Tuesday, June 8, 2010

RE: on T. S. Eliot, a Heideggerian Poet?.

Malcolm P. MacPherson left the following comment in regard to my  post "T. S. Eliot, a Heideggerian Poet?":

Eliot may have been making references to "wastes" of war, and then again, he may not. We have to take the poem, I think, as it can be interpreted "on its face." It says what it says, nothing more, nothing less.

An astute reader will orient themselves in the period of its creation, but won't be a slave to such period. After all, some poems, though from times distant past, still ring true today. In the poems of the masters, there are, of course, literal references which often date poems to linear time and place, but there are also spiritual and non linear time and place references that are impervious to the historical milieu in which the poem was created.

Malcolm P. MacPherson


            If MacPherson had said that Eliot may not have meant what I am suggesting, I wouldn't argue, but he doesn't say that.  He says something that strikes me as slightly barbaric when in the world of poetry interpretation.  But I probably don't understand him.  His saying that The Waste Land must be interpreted "on its face" and that "it says what it says, nothing more, nothing less" is quite a bit less than an argument.  When Eliot wrote, "ambiguity" was probably understood quite a bit better than it is today -- at least that is my impression.  Yes, all statements involve some ambiguity.  And Poems, especially poems written by complex people like Pound and Eliot involve quite a lot of it.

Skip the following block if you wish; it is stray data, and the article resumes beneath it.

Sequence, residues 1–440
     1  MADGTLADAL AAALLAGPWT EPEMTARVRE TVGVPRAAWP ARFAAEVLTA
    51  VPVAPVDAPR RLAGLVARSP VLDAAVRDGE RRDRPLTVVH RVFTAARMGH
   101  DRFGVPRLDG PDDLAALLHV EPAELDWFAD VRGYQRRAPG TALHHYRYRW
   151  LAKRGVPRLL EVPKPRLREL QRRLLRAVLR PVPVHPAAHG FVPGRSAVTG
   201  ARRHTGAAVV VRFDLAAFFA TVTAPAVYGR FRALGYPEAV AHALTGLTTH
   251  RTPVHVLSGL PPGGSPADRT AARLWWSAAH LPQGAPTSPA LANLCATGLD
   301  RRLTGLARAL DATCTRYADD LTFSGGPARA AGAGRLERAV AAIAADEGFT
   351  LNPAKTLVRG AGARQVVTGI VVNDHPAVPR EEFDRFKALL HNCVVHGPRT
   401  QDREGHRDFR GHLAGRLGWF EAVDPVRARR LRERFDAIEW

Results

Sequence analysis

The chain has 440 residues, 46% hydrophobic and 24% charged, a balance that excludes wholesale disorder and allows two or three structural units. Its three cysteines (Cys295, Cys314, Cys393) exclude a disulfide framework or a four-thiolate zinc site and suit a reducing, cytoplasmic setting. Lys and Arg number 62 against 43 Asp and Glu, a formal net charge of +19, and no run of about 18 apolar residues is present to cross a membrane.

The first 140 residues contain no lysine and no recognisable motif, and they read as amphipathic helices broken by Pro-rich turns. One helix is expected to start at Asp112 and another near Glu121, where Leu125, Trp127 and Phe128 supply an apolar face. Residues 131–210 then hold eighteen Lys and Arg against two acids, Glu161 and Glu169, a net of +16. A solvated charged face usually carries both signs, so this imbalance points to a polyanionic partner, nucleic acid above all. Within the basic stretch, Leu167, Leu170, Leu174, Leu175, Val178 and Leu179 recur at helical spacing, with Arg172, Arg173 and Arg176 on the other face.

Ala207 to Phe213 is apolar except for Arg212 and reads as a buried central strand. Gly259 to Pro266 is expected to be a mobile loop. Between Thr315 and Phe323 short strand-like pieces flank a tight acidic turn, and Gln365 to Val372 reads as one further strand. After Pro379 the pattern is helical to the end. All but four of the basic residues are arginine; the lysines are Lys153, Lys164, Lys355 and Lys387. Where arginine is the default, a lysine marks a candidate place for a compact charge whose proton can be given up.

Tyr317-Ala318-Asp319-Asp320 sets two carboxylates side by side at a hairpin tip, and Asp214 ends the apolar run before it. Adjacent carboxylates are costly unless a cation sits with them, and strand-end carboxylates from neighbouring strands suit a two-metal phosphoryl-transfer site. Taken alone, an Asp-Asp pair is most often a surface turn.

I am curious to know why MacPherson what it is MacPerson thinks the poem means "on its face . . . nothing more, nothing less."  I shall hone my debating skills while I await MacPherson's response, for if ever there was a poem that could not be interpreted on its face and did not "say what it says, nothing more, nothing less," it is Eliot's The Waste Land. 

1 comment:

Anonymous said...


No need to take offense, or to prepare your "debating" skills.

I will put it in terms you can understand. My post speaks to "new criticism," a movement in American literary criticism from the 1930s to the 1960s, which concentrates on the verbal complexities and ambiguities of poems considered as self‐sufficient objects without attention to their origins or effects.

Eliot held this viewpoint, but surely someone as "learned" and "civilized" as you would already know this.